In this unprecedented period of global uncertainty, ways of working, learning and living have changed with both speed and scale.
Being prepared for the unexpected is in the DNA of the data centre industry whose ‘invisible’ operations have now been classed within the definition of ‘essential services’ in most countries around the globe. Affecting organisations of all sizes, in every industry, Covid-19 has impacted business continuity across entire economies. To negate the change and challenges, optimising extant services whilst accommodating new demands has become a data centre strategic and operational imperative.
There are two key drivers catalysing the massive increase in demand. Firstly, is the need for computing capacity, driven by the large-scale move to remote working for many businesses and institutions. Digital infrastructure has never been so important to the world economy. The associated uptake in usage of digital applications in video conferencing, telehealth, e-commerce and e-learning, alongside those for entertainment as we all spend more time indoors, is causing a surge in need for data capacities.
The Kingston publication on data center growth highlighted our ‘insatiable’ need for data, ever more enabled by the emergence of 5G, IoT and Edge Computing. Putting this into a Covid context, data center services provider Deutsche Commercial Internet Exchange set a new world record in Frankfurt – achieving data throughput at over 9.1 Terabits per second. Vodafone reported a 50% increase in data traffic in some markets with significant usage spikes across Internet Service Providers. Indeed, BT removed home broadband data limits to support work, study and living needs.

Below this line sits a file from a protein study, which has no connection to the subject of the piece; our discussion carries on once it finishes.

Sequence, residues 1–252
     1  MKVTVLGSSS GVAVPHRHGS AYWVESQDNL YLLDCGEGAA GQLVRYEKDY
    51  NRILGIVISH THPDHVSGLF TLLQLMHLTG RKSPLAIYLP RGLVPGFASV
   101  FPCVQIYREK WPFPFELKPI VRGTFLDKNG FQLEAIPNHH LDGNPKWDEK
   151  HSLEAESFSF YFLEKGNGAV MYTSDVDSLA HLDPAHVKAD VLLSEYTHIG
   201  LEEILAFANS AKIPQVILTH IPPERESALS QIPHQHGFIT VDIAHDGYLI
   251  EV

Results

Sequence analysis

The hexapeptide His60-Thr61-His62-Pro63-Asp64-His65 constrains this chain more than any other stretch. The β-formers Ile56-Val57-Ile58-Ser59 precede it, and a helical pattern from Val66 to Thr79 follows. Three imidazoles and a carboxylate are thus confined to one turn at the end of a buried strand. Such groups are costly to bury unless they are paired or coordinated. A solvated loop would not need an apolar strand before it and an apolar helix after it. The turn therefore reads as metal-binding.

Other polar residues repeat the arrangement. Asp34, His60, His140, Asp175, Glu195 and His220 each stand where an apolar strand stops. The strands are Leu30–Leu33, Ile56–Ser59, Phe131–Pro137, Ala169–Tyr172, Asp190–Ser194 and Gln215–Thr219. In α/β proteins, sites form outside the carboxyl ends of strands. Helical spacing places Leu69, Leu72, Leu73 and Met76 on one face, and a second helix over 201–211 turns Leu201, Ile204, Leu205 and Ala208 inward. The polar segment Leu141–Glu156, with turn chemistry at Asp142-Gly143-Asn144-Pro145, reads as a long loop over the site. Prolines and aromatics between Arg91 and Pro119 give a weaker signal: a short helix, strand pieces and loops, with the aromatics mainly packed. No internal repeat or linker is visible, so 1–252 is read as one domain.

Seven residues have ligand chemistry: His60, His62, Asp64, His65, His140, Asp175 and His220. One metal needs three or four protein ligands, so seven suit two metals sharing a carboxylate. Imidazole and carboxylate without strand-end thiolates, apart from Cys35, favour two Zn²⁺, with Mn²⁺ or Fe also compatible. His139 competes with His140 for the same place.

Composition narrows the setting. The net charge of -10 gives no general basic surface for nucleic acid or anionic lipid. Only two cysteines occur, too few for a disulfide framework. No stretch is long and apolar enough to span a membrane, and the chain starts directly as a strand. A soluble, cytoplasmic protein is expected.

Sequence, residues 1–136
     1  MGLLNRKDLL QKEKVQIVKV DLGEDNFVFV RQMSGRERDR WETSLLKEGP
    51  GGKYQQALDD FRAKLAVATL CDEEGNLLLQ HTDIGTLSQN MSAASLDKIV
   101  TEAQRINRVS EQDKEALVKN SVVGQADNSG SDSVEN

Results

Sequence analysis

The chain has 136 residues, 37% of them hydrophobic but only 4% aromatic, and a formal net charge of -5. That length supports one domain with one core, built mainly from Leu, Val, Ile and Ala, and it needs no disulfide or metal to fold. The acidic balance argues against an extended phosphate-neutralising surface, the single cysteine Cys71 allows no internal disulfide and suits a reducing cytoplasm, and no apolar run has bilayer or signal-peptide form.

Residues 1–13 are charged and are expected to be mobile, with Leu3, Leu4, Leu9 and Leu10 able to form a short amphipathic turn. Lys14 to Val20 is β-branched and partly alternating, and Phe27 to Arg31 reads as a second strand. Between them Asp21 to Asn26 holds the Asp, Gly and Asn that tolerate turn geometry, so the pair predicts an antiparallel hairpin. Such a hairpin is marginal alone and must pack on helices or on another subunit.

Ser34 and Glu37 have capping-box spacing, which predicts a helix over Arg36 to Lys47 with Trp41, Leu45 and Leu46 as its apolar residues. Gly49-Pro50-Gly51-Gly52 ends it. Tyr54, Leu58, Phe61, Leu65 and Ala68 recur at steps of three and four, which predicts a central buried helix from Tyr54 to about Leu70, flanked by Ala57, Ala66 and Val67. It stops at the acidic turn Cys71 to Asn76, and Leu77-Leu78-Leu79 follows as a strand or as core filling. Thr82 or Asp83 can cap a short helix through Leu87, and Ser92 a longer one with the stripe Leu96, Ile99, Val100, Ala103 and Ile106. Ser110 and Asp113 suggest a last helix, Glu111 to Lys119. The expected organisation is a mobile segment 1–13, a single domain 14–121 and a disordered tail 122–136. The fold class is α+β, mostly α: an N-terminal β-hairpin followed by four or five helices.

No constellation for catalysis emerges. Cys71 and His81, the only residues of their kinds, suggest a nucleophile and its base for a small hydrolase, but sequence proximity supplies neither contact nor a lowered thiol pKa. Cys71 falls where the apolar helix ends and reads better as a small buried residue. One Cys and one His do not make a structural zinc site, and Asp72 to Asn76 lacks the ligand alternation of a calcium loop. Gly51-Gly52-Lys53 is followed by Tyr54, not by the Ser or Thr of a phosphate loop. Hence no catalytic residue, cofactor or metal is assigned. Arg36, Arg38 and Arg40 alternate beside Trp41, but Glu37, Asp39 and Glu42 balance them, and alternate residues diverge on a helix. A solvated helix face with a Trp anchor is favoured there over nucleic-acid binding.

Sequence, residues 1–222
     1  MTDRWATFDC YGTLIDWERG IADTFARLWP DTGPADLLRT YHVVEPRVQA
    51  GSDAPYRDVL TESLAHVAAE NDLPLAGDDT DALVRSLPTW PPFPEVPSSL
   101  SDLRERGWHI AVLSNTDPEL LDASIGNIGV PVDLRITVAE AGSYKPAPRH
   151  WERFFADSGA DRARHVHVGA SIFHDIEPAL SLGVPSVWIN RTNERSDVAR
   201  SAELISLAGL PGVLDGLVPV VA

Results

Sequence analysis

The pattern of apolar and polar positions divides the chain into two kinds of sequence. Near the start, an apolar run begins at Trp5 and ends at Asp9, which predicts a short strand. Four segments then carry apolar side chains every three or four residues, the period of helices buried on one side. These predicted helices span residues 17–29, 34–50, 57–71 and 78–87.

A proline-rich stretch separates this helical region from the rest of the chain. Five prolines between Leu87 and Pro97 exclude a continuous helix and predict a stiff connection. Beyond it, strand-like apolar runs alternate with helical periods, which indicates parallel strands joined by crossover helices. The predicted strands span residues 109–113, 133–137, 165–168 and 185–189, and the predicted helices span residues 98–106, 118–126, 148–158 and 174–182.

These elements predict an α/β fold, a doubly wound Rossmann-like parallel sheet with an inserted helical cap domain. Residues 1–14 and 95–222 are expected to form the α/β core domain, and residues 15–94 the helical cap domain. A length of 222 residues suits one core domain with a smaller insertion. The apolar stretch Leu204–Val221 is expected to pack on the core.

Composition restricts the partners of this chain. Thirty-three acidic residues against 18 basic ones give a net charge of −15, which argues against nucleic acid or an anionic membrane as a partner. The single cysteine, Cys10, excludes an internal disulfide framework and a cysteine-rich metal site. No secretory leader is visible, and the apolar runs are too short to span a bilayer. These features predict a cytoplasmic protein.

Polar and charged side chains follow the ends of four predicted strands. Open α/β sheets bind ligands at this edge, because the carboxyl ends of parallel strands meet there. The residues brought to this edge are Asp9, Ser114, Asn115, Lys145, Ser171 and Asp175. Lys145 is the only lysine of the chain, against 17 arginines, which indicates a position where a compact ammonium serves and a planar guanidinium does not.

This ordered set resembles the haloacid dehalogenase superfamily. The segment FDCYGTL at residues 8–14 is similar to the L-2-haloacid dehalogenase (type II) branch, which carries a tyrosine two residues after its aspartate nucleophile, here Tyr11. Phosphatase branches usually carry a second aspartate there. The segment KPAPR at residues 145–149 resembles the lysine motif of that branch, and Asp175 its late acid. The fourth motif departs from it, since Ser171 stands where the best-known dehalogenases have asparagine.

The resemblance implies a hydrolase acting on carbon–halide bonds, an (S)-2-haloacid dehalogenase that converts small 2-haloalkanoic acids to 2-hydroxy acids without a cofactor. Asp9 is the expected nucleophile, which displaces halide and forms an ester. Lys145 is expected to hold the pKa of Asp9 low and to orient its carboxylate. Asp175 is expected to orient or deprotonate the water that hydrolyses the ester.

But whilst monitoring of our ‘internet health’ does reflect an upward trend in outages this has not been to a level that corresponds with the unprecedented traffic increases experienced. And further, despite the current rise and the future projected year on year increase in data center traffic and workloads, it is important to note that global data center energy demand is forecast to decrease as monitored by the International Energy Agency - IEA. This is due to both consolidation and efficiency practices, especially cooling systems, and with some new hyperscale data centers to be run on 100% percent renewable energy.
The second core driver is the need for speed and computing power and this is where High Performance Computing (HPC) comes in. Vaccine and treatment research generates large data sets. Research institutions and pharmaceutical companies are utilising HPC systems at scale for the first time to undertake data simulations and calculations in areas such as epidemiology and bioinformatics. This can help dramatically reduce the development timescale for new drugs.
The Covid-19 High-Performance Computing Consortium is bringing together leaders in technology, government and academia and making available over 330 petaflops of computing speed, 775,000 central processing unit cores, and 34,000 graphics processing units. In the endeavour to better understand the virus and form treatments that can be used for potential vaccines, an incredible 330 trillion floating-point operations can now be performed per second. This is also a great example of prioritising collaboration above competition with contributors including IBM, Amazon, Dell, Microsoft, HPE and Google.